Within the colonies of brownish-orange social spiders called Anelosimus studiosus, females fall into one of two behavioral types: aggressive or docile. These pea-sized spiders make cobwebby nests that range “anywhere from the size of a golf ball to the size of a Volkswagen Beetle,” says Jonathan Pruitt from the University of Pittsburgh. They live along rivers and form organized groups capable of preying on small vertebrates. “We have found carcasses of rats and birds inside their colonies,” he adds.
So what ratio of docile-to-aggressive females make the most successful spider cities? Pruitt and Charles Goodnight from the University of Vermont created an array of 53 artificial colonies and deployed them at six field sites in Tennessee and Georgia. Half of these sites were rich in resources, while the other half were limited. These artificial colonies contained up to 27 females, and their compositions varied from zero aggressive females to 100 percent aggressive females. Most of these experimental colonies contained “native” individuals taken from the site where they were later deployed, and the rest contained “foreign” spiders that came from sites with opposing resource levels.
In places where there are plenty of resources, small colonies are dominated by docile females. But as the colonies grow, so does the frequency of aggressive females. In these places, social parasites may be the biggest threat to a growing colony’s long-term survival, making aggressive females more useful. The opposite happens in places with fewer resources. Small colonies there are dominated by aggressive females, and docile ones appear more frequently as the colonies grow. In these places, egg cannibalism by aggressive females are the primary threat to survival.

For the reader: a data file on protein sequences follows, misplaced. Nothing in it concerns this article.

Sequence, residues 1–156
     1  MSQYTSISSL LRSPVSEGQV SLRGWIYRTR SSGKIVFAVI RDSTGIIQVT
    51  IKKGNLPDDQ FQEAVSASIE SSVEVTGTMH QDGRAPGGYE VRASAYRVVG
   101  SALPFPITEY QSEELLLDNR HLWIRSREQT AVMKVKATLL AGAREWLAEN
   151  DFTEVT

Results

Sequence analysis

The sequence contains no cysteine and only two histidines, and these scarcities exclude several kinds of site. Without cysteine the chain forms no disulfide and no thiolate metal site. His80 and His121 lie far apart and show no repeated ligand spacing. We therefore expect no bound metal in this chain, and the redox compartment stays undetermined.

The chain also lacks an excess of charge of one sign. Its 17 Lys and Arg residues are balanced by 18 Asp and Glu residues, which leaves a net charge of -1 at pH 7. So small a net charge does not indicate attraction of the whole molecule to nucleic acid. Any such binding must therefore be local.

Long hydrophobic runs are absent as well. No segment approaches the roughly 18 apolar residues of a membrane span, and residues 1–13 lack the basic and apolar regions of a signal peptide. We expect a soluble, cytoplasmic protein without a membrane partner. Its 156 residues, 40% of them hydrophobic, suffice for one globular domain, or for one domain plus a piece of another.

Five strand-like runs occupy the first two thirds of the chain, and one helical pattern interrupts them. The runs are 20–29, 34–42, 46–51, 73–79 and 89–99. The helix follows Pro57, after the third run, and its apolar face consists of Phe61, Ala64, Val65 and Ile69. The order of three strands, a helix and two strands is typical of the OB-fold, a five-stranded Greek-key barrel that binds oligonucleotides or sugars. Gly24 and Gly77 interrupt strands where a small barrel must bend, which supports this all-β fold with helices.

This shifting ratio -- which is a collective trait of the whole colony -- is adapted to specific locations. Certain ratios yield high survivorship at some sites, but not others. Their findings were published in Nature last week
When the team threw off the docile-to-aggressive ratio, the spiders seemed to sense the risk, and they readjusted their ratio back to normal over just a couple generations. When the artificially assembled colonies were placed in new locations, the spiders recreated the ratio that would have been ideal back home. “But they seem to have no idea that they’re at a new site and that what they’re doing is going to doom the whole colony,” Pruitt says in a news release. “All the friends die.”
According to the duo, their findings suggest that these spiders evolve together in groups. So-called “group selection” is caused by the differential extinction or proliferation of whole populations based on differences among them -- but this idea of “for the good of the group” has been dismissed for decades. (Think about those lemming myths.) “Biologists have never shown an adaptation in nature which is clearly attributable to group selection,” Goodnight says. “Our paper is that demonstration.” If that’s the case, this may be the first-ever experimental evidence that group selection can shape collective traits in the wild.